By | Published On: October 28, 2021 |

Welcome to episode 55 of my podcast, The Executive Edge, the podcast for skills in life and business.

Today I have Stephanie Slocum who founded Engineers Rising. She has extensive experience of supporting women in to technical areas as well as encouraging them to stay. Stephanie is on a mission to normalize engineering, technology, science, and math (something she refers to as STEM). She feels  there are not enough women in these fields and particularly in leadership positions.

She helps women become influential leaders while having a life. Stephanie also helps organizations committed to gender equity in STEM, create work environments that retain and engage their women.

This was the main issue we discussed during this episode. |Young people can be encouraged in to the fields but even after they’ve completed their degrees, they may not continue on to work. When they do start work, the drop out rate can be as high as 50%

But why is this?

Stephanie feels getting started in STEM is all about who encourages you in. If you have an enthusiastic parent or teacher, then it’s likely you may be excited by and interested in, pursuing the subjects. If you cannot see the practical application of what you’re learning, you’re more likely to reject it.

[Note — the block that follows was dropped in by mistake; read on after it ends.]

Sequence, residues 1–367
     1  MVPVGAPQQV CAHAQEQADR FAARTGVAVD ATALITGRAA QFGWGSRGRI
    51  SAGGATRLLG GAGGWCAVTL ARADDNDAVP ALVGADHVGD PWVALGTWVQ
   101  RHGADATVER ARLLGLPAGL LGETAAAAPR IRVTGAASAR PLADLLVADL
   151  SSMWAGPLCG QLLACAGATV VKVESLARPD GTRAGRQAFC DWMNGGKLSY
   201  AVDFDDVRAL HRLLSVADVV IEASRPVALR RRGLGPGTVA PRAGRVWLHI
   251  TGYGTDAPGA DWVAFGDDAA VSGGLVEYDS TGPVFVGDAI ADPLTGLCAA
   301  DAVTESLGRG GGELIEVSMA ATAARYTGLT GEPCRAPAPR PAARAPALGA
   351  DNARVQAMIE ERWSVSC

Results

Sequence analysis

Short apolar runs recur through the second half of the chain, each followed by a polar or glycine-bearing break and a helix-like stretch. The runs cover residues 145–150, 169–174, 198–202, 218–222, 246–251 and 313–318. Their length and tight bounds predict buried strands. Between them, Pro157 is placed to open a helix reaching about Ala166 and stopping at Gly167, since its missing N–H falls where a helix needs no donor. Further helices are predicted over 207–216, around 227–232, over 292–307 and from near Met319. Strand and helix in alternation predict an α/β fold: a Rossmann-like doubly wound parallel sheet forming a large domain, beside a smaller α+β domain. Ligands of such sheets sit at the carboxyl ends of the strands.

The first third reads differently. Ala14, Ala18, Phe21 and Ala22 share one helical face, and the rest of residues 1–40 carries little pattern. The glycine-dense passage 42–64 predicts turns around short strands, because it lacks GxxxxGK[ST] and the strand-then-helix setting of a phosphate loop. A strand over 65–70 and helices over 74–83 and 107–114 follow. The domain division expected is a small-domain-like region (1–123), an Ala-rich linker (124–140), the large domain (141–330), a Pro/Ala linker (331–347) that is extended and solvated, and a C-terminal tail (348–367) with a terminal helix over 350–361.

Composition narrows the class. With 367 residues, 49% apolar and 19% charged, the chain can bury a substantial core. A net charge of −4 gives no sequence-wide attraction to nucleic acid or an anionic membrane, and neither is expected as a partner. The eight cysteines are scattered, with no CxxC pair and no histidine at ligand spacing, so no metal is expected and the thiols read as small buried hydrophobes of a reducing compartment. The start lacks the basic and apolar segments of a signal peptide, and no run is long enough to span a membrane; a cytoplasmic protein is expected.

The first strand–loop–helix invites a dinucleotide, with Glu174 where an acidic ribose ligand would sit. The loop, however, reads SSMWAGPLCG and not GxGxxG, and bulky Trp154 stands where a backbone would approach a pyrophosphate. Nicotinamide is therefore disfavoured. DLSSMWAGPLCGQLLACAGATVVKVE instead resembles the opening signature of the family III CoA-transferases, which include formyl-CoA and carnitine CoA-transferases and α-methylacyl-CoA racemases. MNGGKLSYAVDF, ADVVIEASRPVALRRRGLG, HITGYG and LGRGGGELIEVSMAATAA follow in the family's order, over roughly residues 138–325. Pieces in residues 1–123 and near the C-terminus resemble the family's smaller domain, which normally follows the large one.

This is why maths was often a dry or boring subject at school for some of us.  We often rejected it because we couldn’t see why, or how, it made sense in the outside world. Some of the time therefore, young people stop their interest in subjects until someone helps them see how they would actually use it.

Encouragement isn’t the only ingredient needed to tackle this issue though. Coming out of college and University in to fields currently dominated by men can be daunting for women, and men, alike. Few leaders especially in technical fields, are trained to be good leaders.  Therefore, they may consciously, or unconsciously, be biased themselves.  Or, they may simply not prevent the prejudice women encounter. This road block comes in the form of ‘benevolent sexism’ as Stephanie calls it. This is the kind of soft comments that prevent someone from being taken seriously.

What else do women need?

One area of enormous interest is the potential benefit of building confidence and resilience in women once they are in technical areas. Otherwise, they can hide their light under a bushel, become risk averse and lack the assertiveness to speak up. Their ideas can be overlooked, or their progression can be blocked. But, it’s clear some women are persevering.

She has also written a book called ‘She Engineers’.
You can find this on Amazon for £7.80